Tim Gallwey's Key Accomplishments Include . . .
Tim Gallwey attended Harvard University where he majored in English Literature and captained the tennis team. Tim Gallwey served as an officer in the US Navy and was one of the founders of a liberal arts college in the Midwest.
Starting in the mid 1970's Tim Gallwey produced a series of best selling books, which set forth a new methodology for the development of personal and professional excellence in a variety of fields. Tim Gallwey is the author of The Inner Game of Tennis · Inner Skiing · The Inner Game of Golf · The Inner Game of Music · The Inner Game of Work.
For over twenty years, Tim Gallwey has been introducing the Inner Game approach to corporations looking for better ways to manage change. Through lectures, consulting, and seminars, his focus has been directed at three targets, 1) helping all individuals in a company learn how to learn, and think for themselves, 2) helping managers learn how to coach, 3) helping leaders learn to create "learning organizations."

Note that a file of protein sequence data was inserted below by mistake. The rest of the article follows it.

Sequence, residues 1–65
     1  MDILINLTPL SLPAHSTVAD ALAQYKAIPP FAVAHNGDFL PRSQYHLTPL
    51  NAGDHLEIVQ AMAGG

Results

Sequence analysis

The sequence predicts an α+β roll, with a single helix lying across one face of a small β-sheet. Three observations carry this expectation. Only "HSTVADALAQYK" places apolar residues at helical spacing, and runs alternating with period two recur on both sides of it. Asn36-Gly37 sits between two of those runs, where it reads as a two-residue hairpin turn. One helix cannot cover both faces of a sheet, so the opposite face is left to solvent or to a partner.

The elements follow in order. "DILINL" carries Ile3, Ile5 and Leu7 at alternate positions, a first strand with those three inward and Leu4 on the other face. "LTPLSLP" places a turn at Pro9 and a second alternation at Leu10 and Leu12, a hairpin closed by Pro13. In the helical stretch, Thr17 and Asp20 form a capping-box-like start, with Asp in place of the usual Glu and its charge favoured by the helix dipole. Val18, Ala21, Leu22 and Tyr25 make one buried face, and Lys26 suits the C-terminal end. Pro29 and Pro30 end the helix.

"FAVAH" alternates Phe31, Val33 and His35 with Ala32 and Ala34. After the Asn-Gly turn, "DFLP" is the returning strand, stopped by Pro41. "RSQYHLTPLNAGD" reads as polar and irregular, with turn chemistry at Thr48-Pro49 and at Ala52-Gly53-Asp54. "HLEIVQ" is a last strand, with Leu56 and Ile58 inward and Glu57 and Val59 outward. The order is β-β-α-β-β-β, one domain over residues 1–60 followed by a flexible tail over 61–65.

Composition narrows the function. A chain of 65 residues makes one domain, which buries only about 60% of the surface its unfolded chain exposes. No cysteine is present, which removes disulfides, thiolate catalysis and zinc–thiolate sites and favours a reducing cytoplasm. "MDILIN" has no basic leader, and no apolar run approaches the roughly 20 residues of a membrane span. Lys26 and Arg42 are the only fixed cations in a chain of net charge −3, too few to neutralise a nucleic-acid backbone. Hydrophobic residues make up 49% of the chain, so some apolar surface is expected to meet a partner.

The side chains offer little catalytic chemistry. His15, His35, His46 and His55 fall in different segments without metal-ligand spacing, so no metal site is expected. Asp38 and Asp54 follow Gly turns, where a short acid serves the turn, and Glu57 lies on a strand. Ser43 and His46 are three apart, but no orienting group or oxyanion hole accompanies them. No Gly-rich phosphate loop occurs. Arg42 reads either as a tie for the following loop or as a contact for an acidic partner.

The Inner Game provides principles, methods, and tools to learn to get out of your own way so you can express your full potential in whatever your chosen activity. The fundamental methods for overcoming self-interference described in the Inner Game are similar, no matter what outer game is being played.
More About Tim Gallwey . . . Tim Gallwey's long-term clients have included AT&T, IBM, Arco, Anheuser Busch, Apple Computer, and The Coca-Cola Company. Tim Gallwey's newest professional interest is helping people who work in teams to learn how to work together more effectively.
In every human endeavor there are two arenas of engagement: the outer and the inner. The outer game is played on an external arena to overcome external obstacles to reach an external goal. The inner game takes place within the mind of the player and is played against such obstacles as fear, self-doubt, lapses in focus, and limiting concepts or assumptions. The inner game is played to overcome the self-imposed obstacles that prevent an individual or team from accessing their full potential. According to Tim Gallwey, how aware you are of this game can make the difference between success and failure in the outer game.